In every racial/ethnic subgroup except Native Americans, males were significantly more likely than females to use alcohol. The significant gender differences range from a low of about 8 percentage points among non-Hispanic whites (73% of males versus 65% of females) to a high of about 24 percentage points among Caribbeans, Central Americans, and Mexicans. Age patterns of alcohol use were also similar across subgroups: without exception, prevalence is substantially higher at ages 18 to 25 and 26 to 34 than at ages 12 to 17 and 35 and older. Some subgroups attain their peak prevalence at ages 18 to 25 (Asian/Pacific Islanders, other Hispanics), while others attain their peak prevalence at ages 26 to 34 (Caribbeans, Central Americans, Cubans, Puerto Ricans). However, in every subgroup, prevalence at ages 26 to 34 is no more than 20% higher or lower than prevalence at ages 18 to 25. Thus, the percentage using alcohol in the past year is roughly constant between the end of adolescence and the beginning of middle age. Regardless of age group, South Americans and non-Hispanic whites are relatively high in past-year alcohol use, while Asian/Pacific Islanders, Central Americans, Puerto Ricans, and non-Hispanic blacks are relatively low.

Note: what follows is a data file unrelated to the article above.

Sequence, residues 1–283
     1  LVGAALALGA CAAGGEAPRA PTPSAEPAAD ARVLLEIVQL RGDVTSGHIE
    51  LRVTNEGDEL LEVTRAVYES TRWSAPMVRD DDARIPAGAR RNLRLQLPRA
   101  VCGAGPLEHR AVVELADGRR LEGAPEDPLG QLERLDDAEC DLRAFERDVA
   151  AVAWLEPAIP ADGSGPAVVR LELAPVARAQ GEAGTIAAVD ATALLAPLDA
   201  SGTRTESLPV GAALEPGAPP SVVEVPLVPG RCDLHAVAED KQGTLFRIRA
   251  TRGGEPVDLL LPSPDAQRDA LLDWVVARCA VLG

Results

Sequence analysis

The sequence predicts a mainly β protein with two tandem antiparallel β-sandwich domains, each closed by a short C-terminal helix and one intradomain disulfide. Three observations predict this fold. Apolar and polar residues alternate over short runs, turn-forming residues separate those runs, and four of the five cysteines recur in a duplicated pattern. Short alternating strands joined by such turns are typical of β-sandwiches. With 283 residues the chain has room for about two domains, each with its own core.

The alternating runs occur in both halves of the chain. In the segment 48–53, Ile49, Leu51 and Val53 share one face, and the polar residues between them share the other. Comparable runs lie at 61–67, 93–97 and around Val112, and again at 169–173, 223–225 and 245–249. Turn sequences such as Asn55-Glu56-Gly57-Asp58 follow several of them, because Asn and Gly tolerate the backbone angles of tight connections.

4.5 Any Illicit Drug

Table 4.4 presents the estimated percentages of individuals in the eleven racial/ethnic subgroups who reported using any illicit drug in the past year, by gender and age. In the total surveyed population (first row of Table 4.4), males were about 40% more likely than females to have used any illicit drug in the past year (14% versus 10%). Past-year use of any illicit drug increased with age to a peak prevalence of about 27% among 18- to 25-year-olds before declining to about 6% among individuals aged 35 and older.